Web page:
Excess success in “Don’t count calorie labeling out: Calorie counts on the left side of menu items lead to lower calorie food choices”
Based on findings from six experiments, Dallas, Liu, and Ubel (2019) conclude that placing calorie labels to the left of menu items influences consumers to choose lower calorie food options. Contrary to previously reported findings, they suggest that calorie labels can influence food choices, but only when placed to the left because they are in this case read first. If true, these findings have important implications for the design of menus and may help address the obesity pandemic. However, an analysis of the reported results indicates that they seem too good to be true. We show that if the effect sizes in Dallas et al. (2019) are representative of the populations, a replication of the six studies (with the same sample sizes) has a probability of only 0.014 of producing uniformly significant outcomes. Such a low success rate suggests that the original findings might be the result of questionable research practices or publication bias. We therefore caution readers and policy makers to be skeptical about the results and conclusions reported by Dallas et al. (2019).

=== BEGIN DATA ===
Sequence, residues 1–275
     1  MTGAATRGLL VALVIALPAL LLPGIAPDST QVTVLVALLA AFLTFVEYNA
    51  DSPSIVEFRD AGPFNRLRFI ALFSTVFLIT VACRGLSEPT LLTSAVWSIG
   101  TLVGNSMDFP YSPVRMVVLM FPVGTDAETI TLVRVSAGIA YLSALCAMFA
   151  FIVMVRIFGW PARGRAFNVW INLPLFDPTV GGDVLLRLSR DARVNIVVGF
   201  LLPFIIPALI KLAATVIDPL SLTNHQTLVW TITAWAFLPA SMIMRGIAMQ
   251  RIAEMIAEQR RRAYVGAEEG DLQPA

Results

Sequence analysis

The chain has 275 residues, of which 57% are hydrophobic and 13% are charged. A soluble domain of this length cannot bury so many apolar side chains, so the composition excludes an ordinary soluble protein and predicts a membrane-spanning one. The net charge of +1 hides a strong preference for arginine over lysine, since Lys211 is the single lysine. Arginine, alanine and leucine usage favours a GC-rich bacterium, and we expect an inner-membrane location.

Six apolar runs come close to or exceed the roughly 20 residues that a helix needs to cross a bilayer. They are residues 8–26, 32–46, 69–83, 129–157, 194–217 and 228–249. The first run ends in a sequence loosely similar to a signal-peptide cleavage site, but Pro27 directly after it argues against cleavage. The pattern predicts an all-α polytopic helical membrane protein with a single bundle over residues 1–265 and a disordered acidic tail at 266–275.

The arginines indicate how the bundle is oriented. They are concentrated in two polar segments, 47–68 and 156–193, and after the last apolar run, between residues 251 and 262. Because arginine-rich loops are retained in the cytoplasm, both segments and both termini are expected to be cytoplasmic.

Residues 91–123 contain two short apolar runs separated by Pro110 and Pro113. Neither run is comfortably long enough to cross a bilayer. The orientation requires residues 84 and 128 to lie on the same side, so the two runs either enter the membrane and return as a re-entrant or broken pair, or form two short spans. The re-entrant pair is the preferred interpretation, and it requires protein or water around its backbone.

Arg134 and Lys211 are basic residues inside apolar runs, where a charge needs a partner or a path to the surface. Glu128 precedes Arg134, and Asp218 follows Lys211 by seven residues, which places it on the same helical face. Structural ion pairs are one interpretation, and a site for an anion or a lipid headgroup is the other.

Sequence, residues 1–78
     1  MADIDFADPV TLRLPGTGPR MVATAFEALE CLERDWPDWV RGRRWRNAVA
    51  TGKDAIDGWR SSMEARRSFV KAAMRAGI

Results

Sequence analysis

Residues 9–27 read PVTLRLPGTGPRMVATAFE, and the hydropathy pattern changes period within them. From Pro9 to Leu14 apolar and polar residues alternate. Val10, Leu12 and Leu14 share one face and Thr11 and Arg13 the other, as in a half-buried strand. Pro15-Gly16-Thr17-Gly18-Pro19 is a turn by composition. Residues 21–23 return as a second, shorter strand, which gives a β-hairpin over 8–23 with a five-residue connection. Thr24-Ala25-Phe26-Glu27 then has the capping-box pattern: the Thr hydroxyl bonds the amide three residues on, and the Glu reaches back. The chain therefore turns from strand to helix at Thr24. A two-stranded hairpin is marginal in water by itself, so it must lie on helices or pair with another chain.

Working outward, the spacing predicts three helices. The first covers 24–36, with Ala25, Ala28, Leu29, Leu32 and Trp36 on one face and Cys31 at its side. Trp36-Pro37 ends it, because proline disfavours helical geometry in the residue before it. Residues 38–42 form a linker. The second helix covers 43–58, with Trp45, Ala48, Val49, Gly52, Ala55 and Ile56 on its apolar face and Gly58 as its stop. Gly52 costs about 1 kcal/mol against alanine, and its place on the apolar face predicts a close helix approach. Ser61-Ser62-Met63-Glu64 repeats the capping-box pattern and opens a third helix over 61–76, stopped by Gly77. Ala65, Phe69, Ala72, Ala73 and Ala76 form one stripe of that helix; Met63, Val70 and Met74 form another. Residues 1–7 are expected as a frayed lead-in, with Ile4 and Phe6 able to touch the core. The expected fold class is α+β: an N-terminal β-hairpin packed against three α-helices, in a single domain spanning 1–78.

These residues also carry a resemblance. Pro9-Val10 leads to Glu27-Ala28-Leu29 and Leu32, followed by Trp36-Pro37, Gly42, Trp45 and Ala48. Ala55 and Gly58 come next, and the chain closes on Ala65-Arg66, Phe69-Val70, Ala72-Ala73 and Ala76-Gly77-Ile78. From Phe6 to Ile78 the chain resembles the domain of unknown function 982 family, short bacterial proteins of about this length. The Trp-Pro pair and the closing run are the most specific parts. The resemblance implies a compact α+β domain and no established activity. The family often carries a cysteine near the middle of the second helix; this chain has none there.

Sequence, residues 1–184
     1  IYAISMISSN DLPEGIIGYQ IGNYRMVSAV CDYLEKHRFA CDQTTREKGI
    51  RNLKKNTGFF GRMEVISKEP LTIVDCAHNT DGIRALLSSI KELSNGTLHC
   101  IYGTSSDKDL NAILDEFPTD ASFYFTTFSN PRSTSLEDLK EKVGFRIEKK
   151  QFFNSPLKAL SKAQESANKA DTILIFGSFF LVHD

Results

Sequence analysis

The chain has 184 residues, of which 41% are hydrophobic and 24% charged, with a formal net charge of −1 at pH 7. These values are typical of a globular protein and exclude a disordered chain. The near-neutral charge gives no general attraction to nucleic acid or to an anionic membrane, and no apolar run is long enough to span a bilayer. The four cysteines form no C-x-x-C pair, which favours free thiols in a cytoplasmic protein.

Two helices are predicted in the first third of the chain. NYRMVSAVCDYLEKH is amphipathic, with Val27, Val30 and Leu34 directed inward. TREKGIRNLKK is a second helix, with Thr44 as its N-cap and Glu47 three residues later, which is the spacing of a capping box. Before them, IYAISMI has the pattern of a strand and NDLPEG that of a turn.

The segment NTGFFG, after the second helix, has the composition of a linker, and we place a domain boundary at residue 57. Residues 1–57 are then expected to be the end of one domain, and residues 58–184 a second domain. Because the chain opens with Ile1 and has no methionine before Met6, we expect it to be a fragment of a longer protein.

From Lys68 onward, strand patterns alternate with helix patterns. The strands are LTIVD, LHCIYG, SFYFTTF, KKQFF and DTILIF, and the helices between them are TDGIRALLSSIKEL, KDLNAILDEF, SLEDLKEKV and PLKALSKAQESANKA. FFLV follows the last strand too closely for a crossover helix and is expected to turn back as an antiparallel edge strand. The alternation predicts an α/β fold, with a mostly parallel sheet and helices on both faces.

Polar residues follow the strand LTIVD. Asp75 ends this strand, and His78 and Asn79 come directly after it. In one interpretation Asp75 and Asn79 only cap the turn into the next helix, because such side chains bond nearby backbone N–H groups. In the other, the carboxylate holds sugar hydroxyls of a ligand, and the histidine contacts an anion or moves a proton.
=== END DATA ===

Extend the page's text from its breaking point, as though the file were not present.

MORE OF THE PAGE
Copyright (c) 2020 Evelina Thunell, Gregory Francis
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